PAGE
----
A Brief History of Arsenal in the League Cup Final

Birmingham City's Obafemi Martins (C) celebrates with teammate Birmingham City's Serbian striker Nikola Zigic (R) after scoring as Arsenal's Swiss defender Johan Djourou (2ndL) and Arsenal's Cameroonian defender Alexandre Song look dejected during the Carling Cup final football match between Arsenal and Birmingham at the Wembley Stadium in London on February 27, 2011. Birmingham City won 2-1. AFP PHOTO/ADRIAN DENNISFOR EDITORIAL USE ONLY Additional licence required for any commercial/promotional use or use on TV or internet (except identical online version of newspaper) of Premier League/Football League photos. Tel DataCo +44 207 2981656. Do not alter/modify photo. (Photo credit should read ADRIAN DENNIS/AFP/Getty Images)

Arsenal may own the FA Cup, having won it a record 13 times, but their record in the League Cup is largely unimpressive. They have only ever won it twice and never under current manager Arsene Wenger.  As they prepare for the 2018 League Cup Final against Manchester City, we look back at their previous finals in the competition, some of which have been among the most dramatic finals in the club’s history.

Arsenal in the League Cup Final

1968: Leeds United 1-0 Arsenal

In 1968, Leeds were in the middle of their golden age under Don Revie while Arsenal were still struggling to emerge from the long shadow cast by the club’s great sides of the 1930s and early 1950s. In fact, their appearance in the 1968 League Cup Final was their first trip to Wembley since 1952, which they had lost to Newcastle. Later, in 1968, they lost again, as Leeds scored early on through fullback Terry Cooper and then held on relatively comfortably for the rest of the game. The giant, Herbert Chapman-shaped shadow would continue to cover Arsenal for at least another year.

1969: Swindon 3-1 Arsenal

In 1968, Arsenal had been the underdogs against Leeds, but against Swindon, who were then in the old Third Division, they were strong favourites. However, the club had gone so long without winning a trophy of any kind (since 1953, when they were league champions) that collectively they had forgotten how to win one. As against Leeds, Arsenal fell behind early on. However, when they got a late equaliser, through Bobby Gould, almost everyone at Wembley assumed they would win the game in extra time. It was not to be, as Don Rogers, probably Swindon’s greatest ever player, scored two goals to keep the Gunners waiting for at least another 12 months to end their long trophy drought.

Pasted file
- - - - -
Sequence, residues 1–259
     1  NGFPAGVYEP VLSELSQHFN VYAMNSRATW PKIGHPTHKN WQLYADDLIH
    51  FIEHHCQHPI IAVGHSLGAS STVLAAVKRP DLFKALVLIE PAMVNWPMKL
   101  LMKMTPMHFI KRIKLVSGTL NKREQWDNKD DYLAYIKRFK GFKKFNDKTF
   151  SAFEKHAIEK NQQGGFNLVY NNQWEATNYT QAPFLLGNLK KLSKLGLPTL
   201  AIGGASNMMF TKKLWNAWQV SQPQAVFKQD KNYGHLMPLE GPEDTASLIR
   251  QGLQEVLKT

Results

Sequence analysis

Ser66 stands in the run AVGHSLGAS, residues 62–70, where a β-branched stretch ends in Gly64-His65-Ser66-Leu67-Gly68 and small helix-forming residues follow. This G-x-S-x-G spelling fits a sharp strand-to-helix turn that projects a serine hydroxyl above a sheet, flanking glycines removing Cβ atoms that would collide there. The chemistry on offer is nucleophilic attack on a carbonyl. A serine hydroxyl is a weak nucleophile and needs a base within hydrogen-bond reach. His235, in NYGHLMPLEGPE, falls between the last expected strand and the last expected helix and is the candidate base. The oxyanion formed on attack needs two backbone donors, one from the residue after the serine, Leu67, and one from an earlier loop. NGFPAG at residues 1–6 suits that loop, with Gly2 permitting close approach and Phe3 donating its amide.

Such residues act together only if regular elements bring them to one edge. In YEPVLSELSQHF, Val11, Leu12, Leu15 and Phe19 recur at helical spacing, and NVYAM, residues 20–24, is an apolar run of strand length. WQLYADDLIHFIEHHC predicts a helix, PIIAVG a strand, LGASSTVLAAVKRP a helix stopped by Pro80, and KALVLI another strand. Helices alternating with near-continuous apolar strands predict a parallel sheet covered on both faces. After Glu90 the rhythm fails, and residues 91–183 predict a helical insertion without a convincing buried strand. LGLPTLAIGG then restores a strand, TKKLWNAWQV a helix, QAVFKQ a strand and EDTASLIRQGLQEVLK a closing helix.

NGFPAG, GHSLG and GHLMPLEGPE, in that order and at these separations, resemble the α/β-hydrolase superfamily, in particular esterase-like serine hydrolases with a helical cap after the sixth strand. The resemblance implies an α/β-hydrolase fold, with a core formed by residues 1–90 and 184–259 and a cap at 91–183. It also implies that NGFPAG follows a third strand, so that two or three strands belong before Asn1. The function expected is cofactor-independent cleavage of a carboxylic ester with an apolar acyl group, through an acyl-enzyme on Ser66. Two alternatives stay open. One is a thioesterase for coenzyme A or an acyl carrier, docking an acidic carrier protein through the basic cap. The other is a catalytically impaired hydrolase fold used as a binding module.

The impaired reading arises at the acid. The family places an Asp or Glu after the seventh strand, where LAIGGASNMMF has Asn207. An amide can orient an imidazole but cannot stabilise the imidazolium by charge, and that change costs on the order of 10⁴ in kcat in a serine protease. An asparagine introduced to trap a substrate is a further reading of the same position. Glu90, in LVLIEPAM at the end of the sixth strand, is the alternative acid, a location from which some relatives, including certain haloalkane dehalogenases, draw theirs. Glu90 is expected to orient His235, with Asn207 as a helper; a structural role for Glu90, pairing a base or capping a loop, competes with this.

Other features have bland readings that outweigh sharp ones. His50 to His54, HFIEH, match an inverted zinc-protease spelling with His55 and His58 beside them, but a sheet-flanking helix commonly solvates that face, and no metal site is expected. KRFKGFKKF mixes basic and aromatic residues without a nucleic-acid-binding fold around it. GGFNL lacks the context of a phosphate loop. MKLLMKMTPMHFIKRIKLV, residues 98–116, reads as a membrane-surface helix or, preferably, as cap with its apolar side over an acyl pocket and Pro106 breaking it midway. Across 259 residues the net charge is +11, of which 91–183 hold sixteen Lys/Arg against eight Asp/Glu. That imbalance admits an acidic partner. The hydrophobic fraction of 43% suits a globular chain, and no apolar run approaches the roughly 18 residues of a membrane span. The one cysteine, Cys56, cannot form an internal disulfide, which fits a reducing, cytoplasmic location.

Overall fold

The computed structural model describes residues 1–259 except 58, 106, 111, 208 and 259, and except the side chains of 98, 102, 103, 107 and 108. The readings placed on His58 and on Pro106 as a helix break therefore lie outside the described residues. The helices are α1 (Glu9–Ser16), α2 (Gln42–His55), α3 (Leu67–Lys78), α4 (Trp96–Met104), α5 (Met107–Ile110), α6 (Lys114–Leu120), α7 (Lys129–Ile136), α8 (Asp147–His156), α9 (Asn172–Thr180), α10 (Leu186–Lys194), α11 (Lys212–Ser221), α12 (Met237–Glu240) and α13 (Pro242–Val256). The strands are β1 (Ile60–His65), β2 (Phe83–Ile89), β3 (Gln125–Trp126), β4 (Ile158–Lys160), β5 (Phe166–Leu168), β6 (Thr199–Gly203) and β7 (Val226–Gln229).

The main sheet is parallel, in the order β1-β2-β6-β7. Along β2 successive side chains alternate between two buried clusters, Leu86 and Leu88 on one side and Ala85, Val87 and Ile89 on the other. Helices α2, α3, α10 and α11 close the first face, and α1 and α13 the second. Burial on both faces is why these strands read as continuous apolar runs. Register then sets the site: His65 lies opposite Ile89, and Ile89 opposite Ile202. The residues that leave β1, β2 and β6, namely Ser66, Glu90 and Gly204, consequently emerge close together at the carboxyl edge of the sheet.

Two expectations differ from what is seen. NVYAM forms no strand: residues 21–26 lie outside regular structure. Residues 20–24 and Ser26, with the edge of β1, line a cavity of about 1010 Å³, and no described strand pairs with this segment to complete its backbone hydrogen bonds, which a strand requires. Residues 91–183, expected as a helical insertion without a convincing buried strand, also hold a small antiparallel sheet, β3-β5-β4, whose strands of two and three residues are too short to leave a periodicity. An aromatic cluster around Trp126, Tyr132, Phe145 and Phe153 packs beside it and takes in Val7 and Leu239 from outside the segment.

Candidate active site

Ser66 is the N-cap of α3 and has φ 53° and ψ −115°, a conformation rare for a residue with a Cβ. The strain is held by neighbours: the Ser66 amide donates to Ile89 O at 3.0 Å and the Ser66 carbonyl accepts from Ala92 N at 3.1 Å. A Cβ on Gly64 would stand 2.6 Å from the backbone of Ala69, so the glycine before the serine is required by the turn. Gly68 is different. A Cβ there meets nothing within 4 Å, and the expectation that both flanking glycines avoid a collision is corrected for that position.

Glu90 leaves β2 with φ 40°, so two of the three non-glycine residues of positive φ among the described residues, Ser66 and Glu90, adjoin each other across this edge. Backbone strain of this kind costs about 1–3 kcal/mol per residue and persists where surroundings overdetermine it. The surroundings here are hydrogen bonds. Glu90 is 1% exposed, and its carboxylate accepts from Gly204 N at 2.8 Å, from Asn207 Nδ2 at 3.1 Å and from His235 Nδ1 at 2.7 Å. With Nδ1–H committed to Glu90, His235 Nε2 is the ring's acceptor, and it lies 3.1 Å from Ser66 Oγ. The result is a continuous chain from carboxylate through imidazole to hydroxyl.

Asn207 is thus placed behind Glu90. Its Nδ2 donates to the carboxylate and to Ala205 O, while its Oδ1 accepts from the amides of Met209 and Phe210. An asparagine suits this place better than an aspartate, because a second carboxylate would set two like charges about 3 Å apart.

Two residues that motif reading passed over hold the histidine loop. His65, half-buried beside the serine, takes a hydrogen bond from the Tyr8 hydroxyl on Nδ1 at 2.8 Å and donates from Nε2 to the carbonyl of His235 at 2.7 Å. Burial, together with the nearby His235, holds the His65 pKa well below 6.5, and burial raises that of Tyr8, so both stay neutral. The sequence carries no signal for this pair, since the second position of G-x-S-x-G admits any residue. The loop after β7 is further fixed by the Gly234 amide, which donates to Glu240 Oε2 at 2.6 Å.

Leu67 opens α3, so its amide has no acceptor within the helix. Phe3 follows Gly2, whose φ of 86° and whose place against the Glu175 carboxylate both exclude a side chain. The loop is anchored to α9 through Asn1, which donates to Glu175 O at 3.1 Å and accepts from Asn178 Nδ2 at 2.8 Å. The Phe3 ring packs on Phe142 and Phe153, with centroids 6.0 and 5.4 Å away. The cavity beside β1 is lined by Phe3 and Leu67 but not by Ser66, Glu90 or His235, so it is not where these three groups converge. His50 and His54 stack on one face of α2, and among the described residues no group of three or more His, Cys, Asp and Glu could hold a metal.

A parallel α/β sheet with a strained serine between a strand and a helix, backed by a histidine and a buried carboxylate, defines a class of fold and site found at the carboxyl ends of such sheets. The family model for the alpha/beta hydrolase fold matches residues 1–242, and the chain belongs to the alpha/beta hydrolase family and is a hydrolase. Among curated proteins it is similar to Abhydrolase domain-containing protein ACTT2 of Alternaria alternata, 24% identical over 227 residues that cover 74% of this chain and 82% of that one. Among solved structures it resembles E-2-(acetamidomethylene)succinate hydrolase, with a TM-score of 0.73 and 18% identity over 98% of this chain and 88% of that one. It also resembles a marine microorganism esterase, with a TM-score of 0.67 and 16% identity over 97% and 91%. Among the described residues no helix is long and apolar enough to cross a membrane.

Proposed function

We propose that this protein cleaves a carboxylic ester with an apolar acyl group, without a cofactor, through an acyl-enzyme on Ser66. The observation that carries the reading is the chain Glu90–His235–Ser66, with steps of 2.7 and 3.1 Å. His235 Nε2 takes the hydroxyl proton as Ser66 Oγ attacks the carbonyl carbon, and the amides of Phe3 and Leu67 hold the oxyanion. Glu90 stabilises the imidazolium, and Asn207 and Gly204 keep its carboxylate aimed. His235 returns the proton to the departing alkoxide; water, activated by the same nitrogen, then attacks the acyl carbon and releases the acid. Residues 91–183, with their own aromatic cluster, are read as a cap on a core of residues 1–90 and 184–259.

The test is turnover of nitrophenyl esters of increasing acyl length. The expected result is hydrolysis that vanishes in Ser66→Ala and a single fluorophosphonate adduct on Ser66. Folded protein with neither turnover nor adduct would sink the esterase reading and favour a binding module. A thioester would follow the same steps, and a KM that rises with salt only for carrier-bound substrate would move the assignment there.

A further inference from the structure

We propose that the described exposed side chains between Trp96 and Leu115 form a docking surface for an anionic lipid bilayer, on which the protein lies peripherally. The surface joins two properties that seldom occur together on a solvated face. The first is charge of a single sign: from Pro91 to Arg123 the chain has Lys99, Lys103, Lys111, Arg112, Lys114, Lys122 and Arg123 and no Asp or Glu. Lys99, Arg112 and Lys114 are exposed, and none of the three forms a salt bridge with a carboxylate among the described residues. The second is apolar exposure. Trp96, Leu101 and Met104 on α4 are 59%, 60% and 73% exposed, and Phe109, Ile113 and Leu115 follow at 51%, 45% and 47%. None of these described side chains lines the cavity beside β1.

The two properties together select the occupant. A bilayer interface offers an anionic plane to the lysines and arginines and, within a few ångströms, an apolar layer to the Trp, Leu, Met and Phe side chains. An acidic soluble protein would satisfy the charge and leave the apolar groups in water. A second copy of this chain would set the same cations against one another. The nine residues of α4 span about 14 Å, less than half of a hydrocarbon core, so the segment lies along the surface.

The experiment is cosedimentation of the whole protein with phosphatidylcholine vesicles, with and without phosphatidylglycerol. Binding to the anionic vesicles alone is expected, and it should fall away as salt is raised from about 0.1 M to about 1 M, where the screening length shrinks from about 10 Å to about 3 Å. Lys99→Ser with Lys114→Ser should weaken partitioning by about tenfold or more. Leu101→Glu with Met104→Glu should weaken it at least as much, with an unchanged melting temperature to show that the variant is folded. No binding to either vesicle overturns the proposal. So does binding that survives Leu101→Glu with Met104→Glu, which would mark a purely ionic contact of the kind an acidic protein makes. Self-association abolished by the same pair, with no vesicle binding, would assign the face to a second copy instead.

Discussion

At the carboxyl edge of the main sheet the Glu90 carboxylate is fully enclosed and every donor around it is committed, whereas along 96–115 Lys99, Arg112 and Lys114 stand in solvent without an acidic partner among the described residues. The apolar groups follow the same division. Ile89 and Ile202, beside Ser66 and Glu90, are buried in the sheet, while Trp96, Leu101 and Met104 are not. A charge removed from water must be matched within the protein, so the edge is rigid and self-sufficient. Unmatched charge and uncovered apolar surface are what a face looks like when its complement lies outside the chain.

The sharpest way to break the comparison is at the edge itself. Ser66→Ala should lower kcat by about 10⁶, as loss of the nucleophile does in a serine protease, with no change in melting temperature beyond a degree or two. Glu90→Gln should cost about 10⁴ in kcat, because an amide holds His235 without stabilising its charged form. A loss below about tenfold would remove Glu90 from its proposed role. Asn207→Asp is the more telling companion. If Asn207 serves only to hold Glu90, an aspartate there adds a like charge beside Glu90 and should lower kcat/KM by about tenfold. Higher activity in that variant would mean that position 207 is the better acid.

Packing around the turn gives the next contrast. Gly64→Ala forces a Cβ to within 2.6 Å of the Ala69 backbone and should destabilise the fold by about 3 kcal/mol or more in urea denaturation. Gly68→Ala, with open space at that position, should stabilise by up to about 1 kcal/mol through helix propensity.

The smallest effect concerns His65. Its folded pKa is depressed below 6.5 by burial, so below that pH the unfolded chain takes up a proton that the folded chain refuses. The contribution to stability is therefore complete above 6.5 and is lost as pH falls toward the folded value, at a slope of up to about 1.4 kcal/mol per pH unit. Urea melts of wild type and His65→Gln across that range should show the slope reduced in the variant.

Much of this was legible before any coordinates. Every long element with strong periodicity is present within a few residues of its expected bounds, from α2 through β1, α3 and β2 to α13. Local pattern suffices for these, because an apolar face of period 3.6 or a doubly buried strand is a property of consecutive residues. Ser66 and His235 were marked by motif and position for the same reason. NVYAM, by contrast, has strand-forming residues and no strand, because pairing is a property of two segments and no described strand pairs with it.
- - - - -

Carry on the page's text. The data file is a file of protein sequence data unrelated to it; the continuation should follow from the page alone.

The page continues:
1987: Arsenal 2-1 Liverpool

Arsenal finally won the League Cup at the third attempt, and against the toughest of opponents, the great Liverpool side of the 1980s. Since the start of the decade, Liverpool had won two European Cups and five League titles. By stark contrast, Arsenal were trying to win their first silverware since the 1979 FA Cup. They were enormous underdogs and when Liverpool’s great Welsh striker Ian Rush put them ahead it seemed as if Arsenal were destined to suffer another League Cup Final defeat. Then, everything changed. Charlie Nicholas, who had astonishingly chosen Arsenal ahead of Liverpool when he left Celtic in 1983, produced his greatest ever game for the club.  He equalised soon after Rush scored and then got the winner in the 83rd minute. Arsenal held on to win and Liverpool lost their first ever match in which Rush had scored.